Monroe's motivated sequence

From Wikipedia, the free encyclopedia
Jump to navigation Jump to search

Monroe's motivated sequence is a technique for organizing persuasive speeches that inspire people to take action. It was developed in the mid-1930s by Alan H. Monroe at Purdue University.[1]


Monroe's motivated sequence states that on the first step is to state the problem the customer is having, then explain it if one cannot solidify the need and give a representation of the situation that may occur.

Get the attention of your audience using a detailed story, shocking example, dramatic statistic, quotations, etc.
Show how the topic applies to the psychological need of the audience members. The premise here is that audience needs are what motivates action. Go beyond establishing that there is a significant problem. There are many problems that are not particularly relevant to your audience. Show that the need will not go away by itself. Use statistics, examples, etc. Convince your audience that they each have a personal need to take action.
You need to solve the issue. Provide specific and viable solutions that individuals or communities can implement to solve the problem.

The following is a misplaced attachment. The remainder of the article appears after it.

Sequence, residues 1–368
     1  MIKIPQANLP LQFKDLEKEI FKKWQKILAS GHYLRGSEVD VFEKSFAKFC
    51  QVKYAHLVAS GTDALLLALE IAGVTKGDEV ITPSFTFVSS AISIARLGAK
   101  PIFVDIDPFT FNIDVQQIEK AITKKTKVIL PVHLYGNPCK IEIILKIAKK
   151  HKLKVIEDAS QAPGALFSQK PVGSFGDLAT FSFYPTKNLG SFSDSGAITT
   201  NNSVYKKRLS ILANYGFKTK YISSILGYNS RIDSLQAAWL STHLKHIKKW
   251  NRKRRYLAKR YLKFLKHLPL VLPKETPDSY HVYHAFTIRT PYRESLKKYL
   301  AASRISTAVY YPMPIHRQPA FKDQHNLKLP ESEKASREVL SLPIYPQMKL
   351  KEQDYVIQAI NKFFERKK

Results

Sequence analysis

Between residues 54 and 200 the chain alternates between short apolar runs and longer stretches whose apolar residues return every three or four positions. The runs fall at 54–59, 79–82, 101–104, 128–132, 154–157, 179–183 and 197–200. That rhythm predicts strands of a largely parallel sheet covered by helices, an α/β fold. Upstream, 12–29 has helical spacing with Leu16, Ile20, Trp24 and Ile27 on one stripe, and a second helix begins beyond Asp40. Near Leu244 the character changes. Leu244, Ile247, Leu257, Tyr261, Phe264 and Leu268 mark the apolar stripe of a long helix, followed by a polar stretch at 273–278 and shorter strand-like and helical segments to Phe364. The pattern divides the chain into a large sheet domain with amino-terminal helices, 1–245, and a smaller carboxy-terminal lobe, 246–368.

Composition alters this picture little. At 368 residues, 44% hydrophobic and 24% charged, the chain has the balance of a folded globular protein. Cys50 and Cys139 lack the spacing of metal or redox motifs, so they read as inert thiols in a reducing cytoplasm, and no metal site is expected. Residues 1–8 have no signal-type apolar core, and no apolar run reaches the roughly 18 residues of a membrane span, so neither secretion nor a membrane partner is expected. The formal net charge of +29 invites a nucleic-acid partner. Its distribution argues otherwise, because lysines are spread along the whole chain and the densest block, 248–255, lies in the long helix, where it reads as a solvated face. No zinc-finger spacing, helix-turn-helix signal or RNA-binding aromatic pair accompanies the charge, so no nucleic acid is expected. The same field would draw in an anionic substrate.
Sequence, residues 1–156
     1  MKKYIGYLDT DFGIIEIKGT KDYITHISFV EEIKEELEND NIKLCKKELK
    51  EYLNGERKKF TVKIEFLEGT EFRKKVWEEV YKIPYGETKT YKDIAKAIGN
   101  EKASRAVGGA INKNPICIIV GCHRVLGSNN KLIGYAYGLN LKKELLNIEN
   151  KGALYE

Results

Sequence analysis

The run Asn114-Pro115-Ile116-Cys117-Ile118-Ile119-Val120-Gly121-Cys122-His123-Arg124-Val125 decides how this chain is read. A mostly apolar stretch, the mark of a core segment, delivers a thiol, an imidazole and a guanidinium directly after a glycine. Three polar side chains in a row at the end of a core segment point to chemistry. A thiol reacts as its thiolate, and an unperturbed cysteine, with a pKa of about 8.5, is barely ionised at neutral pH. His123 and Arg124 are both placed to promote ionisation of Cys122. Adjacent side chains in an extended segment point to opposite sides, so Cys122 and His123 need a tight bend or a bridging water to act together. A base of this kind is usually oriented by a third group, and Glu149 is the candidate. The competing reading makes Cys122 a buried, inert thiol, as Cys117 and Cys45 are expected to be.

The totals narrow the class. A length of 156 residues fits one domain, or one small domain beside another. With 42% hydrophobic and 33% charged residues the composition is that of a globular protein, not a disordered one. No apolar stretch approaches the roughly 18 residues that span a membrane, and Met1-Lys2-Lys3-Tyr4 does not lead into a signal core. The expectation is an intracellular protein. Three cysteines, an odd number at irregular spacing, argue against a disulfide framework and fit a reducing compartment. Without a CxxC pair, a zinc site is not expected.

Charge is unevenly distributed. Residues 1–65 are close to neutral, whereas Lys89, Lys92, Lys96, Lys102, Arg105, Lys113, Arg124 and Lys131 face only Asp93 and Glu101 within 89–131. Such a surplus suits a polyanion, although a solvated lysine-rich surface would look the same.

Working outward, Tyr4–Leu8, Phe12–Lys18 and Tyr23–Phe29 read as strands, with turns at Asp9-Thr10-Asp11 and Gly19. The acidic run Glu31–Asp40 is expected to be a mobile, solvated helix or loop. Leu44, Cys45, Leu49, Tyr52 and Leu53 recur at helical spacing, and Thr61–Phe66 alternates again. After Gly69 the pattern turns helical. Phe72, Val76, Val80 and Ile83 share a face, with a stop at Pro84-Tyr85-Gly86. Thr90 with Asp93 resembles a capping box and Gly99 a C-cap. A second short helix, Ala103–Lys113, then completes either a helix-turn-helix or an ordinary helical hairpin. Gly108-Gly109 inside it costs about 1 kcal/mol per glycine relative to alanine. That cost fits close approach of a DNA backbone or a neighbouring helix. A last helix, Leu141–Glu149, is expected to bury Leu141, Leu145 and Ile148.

Tell the audience what will happen if the solution is implemented or does not take place. Be visual and detailed.
Tell the audience what action they can take personally to solve the problem.

There are many descriptions of Monroe's motivated sequence. Here is an example description by Dominic Spencer, an instructor at the University of Central Florida in 2011:

  1. Attention: Hey! Listen to me, you have a PROBLEM!
  2. Need: Let me EXPLAIN the problem.
  3. Satisfaction: But, I have a SOLUTION!
  4. Visualization: If we IMPLEMENT my solution, this is what will happen. Or, if we don't implement my solution, this is what will happen.
  5. Action: You can help me in this specific way. Will you help me?


The advantage of Monroe's motivated sequence is that it emphasizes what the audience can do. Too often the audience feels like a situation is hopeless; Monroe's motivated sequence emphasizes the action the audience can take. It also helps the audience feel like the speaker knows the problem at hand and is listening to them instead of just tuning them out.[2][3][4][5]


  1. ^ "Monroe's Motivated Sequence". Changing Minds.
  2. ^ Ehninger, D.; Monroe, A.H.; Gronbeck, B.E. (1978). Principles and Types of Speech Communication (8th ed.).
  3. ^ German, K. M.; Gronbeck, B. E.; Ehninger, D.; Monroe, A. H. (2010). Principles of Public Speaking (17th ed.). Old Tappan, NJ: Pearson.
  4. ^ Lucas, S.E. (1995). The Art of Public Speaking (5th ed.).
  5. ^ Monroe, A. H. (1943). Monroe's Principles of Speech (military edition). Chicago: Scott, Foresman.